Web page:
Theorists of economic development refer to this process of distributing knowledge and experience as "capacity building." Hans Binswanger, an HIV-positive man and Director of the Environmental, Rural, and Social Development Department for Africa at the World Bank, is a proponent of immediately extending treatment to developing countries without waiting for organized improvements in infrastructure. Binswanger believes that drug recycling efforts are a positive move. He maintains that as drugs are imported and used, local infrastructure will spontaneously begin to develop. Medical labs will upgrade their equipment as the demand for CD4+ counts increase and viral load assays will soon follow. If and when large-scale donation programs begin to operate, there will already be in place a network of doctors experienced with using the drugs and managing patients. As the thin end of the wedge, the recycling programs may have an impact that extends far beyond the lives directly saved.

Some critics say recycling programs are futile since drug donations provide a mere "drop in the bucket" compared to what is needed in developing countries. But to any of the 250 people served by AfA last year, it's a life-giving drop. And because many of AfA's clients are involved in HIV advocacy and prevention, the lives saved stay engaged in the work of saving other lives. A cadre of committed activists serve as walking advertisements for the power of HIV treatment as they help organize community pressure on government and non-governmental agencies to expand treatment opportunities further.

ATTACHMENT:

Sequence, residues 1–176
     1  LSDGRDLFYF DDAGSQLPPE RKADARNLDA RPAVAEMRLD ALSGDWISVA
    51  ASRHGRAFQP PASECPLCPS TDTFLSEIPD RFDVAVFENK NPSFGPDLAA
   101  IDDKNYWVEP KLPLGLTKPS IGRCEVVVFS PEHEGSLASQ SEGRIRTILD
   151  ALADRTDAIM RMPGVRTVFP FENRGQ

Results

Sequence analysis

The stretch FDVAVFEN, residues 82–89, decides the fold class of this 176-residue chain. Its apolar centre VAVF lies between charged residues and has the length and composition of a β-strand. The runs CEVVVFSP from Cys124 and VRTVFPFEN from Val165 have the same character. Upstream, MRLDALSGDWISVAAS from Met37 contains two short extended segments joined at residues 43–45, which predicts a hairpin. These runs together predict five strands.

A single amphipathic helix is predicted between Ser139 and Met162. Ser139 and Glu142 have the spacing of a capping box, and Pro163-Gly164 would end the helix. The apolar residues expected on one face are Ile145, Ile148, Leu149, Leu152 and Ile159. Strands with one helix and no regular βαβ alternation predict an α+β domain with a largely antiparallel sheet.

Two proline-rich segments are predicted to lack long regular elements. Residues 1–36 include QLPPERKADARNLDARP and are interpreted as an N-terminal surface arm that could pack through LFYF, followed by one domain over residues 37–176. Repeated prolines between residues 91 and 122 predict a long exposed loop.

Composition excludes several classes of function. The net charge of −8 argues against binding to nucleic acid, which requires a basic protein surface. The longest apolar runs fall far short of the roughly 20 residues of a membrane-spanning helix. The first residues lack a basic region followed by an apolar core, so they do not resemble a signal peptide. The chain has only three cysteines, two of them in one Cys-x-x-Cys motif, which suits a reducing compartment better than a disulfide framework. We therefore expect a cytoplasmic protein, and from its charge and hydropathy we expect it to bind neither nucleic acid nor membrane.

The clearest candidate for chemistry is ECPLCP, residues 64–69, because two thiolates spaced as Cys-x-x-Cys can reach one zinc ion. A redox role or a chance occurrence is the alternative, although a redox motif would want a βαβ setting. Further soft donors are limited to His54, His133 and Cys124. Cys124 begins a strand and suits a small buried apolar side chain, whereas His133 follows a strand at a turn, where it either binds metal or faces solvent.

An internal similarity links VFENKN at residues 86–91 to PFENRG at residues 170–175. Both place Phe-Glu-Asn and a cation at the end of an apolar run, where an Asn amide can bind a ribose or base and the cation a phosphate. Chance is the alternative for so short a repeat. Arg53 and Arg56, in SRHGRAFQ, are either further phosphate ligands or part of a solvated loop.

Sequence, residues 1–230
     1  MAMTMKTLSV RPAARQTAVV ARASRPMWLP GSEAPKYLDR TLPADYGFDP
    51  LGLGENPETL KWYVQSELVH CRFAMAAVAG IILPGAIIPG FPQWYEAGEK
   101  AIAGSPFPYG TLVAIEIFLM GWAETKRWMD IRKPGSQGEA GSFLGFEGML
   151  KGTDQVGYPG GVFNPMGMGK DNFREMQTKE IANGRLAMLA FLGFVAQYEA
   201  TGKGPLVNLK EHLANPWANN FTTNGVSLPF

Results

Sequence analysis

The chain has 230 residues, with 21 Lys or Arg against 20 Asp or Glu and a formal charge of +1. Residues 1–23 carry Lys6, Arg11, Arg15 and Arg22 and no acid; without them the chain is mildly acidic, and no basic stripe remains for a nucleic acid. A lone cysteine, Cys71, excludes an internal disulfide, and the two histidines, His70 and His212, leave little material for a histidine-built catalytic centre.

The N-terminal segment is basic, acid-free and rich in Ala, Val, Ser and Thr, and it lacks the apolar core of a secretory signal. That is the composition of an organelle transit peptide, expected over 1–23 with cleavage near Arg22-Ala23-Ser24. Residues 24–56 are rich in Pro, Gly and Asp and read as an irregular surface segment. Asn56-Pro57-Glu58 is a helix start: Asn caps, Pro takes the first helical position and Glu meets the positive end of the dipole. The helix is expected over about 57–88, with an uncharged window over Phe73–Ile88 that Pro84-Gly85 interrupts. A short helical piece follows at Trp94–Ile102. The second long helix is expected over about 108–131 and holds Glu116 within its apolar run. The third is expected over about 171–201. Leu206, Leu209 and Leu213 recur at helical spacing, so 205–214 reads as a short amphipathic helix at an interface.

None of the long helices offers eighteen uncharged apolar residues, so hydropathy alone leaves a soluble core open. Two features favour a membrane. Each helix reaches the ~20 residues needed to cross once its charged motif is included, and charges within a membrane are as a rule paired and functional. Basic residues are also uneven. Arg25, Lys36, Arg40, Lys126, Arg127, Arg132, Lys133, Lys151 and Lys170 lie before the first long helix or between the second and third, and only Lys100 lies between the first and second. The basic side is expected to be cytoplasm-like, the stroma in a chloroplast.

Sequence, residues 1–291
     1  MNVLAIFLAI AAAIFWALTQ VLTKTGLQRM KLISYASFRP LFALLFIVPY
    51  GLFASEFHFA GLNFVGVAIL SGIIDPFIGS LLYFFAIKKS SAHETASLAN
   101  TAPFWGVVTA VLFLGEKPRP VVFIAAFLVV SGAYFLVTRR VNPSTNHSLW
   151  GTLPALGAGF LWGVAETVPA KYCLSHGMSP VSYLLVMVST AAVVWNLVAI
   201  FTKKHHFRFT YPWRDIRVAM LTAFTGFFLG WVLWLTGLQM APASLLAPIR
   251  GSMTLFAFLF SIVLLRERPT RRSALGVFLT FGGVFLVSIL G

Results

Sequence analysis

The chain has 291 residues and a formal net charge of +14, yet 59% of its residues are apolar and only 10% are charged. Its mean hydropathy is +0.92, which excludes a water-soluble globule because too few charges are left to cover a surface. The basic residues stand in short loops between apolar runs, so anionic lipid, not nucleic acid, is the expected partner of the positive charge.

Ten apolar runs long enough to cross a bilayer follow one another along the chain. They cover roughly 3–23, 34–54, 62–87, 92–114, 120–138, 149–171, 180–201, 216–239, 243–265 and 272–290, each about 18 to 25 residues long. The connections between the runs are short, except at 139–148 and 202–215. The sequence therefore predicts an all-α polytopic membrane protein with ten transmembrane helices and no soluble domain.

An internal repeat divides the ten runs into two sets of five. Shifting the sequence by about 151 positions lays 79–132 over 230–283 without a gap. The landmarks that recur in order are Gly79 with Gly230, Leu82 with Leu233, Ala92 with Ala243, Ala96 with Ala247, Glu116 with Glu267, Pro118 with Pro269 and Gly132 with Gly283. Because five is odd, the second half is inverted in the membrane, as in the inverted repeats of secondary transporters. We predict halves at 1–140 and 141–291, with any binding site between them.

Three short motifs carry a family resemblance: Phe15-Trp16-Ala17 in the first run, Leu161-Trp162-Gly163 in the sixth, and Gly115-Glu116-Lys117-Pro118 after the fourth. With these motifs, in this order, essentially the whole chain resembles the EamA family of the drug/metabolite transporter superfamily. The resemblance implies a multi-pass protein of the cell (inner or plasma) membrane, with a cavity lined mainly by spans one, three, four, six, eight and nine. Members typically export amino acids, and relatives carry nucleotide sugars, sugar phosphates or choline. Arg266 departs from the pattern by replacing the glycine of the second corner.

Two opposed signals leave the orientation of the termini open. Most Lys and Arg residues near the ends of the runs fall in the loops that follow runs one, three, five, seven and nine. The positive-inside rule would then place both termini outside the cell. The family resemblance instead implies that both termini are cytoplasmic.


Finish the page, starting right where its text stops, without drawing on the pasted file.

AfA is committed to documenting the impact of their efforts so others can learn from their experience. AfA-sponsored research was presented in a poster session at the International AIDS Conference at Durban, South Africa, in 2000. AfA also has partnered with researchers at the University of Rio in Brazil to obtain free HIV genotype testing for their clients.

Making it Work